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My name is Sam Huizenga and I am taking the baton from Allen to host the small group network site. Sam is actually short for Joyce! Family folklore says that my brother gave me the nickname because he was tired of sisters – I was the fifth! One more sister after me, poor guy.

I work for CRC Home Missions as a goal specialist for Mission Shaped Discipleship. Part of my job is to provide coaching and training in small groups, Coffee Break and evangelism. I have led a small group ministry and have been a small group and Coffee Break leader in my church forever. My goal for the next few months is to:

  1. Get us talking, strategizing and praying about growing congregations full of mission shaped disciples. Small Group Discipleship ministries are a key environment for doing that.
  2. I also plan to invite contributions from guest bloggers who have hands-on experience with different types of small groups or curricula (last month we highlighted Gospel Centered Life).

A metaphor that has helped me understand and lead small group ministry is this: Growing a small group discipleship ministry is like growing a garden. Small group coordinators and leaders must ask gardening questions. How would you answer these questions about your small group ministry?

  • What are we going to grow?
  • What is our environment – sun, shade?
  • What is our plan for the garden – where to plant, when to plant, etc.?
  • How will we care for our garden? Water, fertilize, etc.
  • How will we deal with problems?
  • What do we hope to harvest?

I often use these questions to help leaders get started. They are also helpful in understanding practical issues related to small groups like multiplying small groups, determining life cycles of small groups and more. The question that I am asked the most is: What is the best way to split a small group? My answer, let’s talk about plants. How do plants multiply?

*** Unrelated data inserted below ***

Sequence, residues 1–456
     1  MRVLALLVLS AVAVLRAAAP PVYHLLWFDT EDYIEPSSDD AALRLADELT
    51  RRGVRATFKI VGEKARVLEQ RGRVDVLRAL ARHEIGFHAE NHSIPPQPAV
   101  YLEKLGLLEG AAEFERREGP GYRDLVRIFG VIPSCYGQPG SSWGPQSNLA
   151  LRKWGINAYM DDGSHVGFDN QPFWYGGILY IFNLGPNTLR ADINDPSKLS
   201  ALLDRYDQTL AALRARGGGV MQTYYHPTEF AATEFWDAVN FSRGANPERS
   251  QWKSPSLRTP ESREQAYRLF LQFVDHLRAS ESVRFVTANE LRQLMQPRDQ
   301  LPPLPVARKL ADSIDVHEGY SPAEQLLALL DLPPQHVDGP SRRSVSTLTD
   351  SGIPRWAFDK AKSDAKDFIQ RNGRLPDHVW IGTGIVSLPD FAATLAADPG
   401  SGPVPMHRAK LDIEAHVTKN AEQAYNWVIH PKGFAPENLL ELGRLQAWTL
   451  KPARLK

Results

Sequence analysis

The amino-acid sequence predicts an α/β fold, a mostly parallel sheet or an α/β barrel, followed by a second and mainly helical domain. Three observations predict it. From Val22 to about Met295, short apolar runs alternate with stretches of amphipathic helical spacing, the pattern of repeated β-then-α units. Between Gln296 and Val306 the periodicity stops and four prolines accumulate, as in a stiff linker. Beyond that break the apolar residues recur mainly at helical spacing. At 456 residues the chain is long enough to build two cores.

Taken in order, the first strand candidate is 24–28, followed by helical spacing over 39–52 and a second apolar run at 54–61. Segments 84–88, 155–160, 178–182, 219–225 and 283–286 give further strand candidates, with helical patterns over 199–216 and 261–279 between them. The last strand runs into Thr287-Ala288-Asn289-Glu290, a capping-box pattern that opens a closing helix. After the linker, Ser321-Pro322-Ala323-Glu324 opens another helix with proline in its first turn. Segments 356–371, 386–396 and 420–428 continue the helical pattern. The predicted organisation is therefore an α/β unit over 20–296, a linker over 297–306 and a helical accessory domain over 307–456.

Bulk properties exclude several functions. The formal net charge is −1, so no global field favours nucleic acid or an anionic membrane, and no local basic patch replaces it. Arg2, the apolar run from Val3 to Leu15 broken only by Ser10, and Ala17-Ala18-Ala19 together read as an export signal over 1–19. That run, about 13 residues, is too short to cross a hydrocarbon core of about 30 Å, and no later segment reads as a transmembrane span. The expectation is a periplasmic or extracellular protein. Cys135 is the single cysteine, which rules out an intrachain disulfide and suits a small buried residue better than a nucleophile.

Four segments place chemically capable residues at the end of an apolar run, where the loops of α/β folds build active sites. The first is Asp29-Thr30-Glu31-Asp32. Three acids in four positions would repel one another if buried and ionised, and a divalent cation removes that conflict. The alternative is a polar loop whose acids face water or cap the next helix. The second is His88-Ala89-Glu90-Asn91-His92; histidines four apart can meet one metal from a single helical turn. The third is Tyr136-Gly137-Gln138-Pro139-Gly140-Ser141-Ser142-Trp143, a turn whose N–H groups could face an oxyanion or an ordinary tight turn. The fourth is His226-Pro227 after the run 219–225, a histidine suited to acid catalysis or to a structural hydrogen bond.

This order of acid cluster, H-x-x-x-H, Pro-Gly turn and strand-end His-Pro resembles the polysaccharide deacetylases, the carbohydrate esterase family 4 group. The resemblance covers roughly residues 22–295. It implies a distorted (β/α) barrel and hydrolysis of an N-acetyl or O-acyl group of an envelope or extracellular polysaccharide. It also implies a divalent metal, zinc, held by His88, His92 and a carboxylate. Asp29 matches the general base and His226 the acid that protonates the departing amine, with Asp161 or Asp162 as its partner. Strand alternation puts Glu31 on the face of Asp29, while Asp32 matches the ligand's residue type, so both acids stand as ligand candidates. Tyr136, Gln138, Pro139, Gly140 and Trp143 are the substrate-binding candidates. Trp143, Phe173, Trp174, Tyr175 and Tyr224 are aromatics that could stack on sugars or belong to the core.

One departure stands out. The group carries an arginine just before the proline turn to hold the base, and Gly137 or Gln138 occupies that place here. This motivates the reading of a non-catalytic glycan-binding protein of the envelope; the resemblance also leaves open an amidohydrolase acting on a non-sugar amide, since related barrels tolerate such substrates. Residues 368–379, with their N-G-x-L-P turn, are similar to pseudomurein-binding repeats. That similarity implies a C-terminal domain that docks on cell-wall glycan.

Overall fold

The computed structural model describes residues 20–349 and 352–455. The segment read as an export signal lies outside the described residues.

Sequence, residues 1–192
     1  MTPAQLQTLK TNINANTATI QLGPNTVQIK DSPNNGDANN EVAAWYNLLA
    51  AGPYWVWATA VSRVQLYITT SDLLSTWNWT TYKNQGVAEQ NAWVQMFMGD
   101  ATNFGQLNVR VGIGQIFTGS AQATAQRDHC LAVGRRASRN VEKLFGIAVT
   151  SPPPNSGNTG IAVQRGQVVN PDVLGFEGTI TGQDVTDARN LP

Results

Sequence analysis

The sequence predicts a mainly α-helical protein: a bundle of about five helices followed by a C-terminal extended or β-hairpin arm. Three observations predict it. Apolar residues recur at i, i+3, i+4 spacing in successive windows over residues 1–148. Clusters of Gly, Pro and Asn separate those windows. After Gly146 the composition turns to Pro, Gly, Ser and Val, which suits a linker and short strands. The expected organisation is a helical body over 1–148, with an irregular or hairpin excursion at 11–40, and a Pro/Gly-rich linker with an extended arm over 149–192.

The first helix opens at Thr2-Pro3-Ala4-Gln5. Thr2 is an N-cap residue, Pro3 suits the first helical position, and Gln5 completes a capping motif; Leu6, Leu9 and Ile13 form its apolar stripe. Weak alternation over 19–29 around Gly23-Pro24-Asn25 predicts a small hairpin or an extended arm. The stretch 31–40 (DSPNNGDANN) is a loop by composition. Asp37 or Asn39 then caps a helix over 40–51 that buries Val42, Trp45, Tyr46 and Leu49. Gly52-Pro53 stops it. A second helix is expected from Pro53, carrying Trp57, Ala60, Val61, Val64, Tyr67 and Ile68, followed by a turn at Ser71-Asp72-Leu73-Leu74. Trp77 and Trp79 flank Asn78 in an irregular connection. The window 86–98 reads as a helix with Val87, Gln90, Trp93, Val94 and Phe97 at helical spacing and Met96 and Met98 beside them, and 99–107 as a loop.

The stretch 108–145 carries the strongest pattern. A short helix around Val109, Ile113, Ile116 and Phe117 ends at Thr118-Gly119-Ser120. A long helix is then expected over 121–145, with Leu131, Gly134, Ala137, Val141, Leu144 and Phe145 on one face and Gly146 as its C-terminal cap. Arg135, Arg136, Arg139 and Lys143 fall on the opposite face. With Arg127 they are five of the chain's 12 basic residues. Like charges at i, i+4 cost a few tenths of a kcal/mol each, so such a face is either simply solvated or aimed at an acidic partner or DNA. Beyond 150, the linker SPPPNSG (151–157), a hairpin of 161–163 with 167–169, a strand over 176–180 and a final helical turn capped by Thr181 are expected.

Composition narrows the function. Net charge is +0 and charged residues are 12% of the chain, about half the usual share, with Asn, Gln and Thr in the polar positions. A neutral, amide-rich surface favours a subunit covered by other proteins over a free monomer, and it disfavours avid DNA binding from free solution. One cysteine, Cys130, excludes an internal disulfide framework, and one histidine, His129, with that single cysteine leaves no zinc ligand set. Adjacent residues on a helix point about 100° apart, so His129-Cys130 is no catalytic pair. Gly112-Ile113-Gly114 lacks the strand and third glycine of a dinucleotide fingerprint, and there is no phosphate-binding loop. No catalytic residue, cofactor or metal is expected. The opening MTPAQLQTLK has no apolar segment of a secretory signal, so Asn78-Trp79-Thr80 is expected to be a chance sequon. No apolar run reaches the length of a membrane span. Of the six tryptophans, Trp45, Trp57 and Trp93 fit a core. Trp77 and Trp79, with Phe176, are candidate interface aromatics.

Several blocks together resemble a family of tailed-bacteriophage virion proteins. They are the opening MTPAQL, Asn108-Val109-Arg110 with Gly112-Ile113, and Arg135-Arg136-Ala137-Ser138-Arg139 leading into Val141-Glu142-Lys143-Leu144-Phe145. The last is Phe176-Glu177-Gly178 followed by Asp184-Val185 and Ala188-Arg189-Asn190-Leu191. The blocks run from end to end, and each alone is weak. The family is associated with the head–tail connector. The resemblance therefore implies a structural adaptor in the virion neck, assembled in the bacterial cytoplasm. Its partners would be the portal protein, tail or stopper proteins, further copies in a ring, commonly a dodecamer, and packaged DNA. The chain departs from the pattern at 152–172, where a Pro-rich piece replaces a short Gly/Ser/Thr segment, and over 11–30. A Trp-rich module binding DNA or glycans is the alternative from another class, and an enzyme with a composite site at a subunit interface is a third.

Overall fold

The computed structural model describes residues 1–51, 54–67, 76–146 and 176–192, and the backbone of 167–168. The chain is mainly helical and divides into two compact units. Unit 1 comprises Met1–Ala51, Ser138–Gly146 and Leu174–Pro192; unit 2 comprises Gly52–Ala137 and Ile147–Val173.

What are we going to grow? Like Allen, I think the first step is describing the goal of discipleship. I like Allen’s simple description of discipleship as following “Jesus so closely that you can't help but point others to him who in turn become disciples themselves.” That’s mission. Disciples stuck to Jesus are characterized by constant communication (prayer), hanging on every word (scripture), unity with other Jesus followers (community) and sharing his presence with others (kingdom mission).

What is our environment? You are probably already doing many things to grow disciples. Before you take a roto-tiller to your ministry or group, ask what are we doing that is growing mission shaped disciples. What different things can we do?

We will talk more about these questions over the next few months but here is one last idea. The garden of disciples will grow in response to prayer. At the recent CRC Prayer Summit in LA, Pastor Jeong from Busan, Korea said that until his church had 1000 attendees, he would pray for every one of them every day. He found that he prayed more for the people in his church who were frustrating to him. Over time, those people changed and he changed. The people grew and he grew in love for them.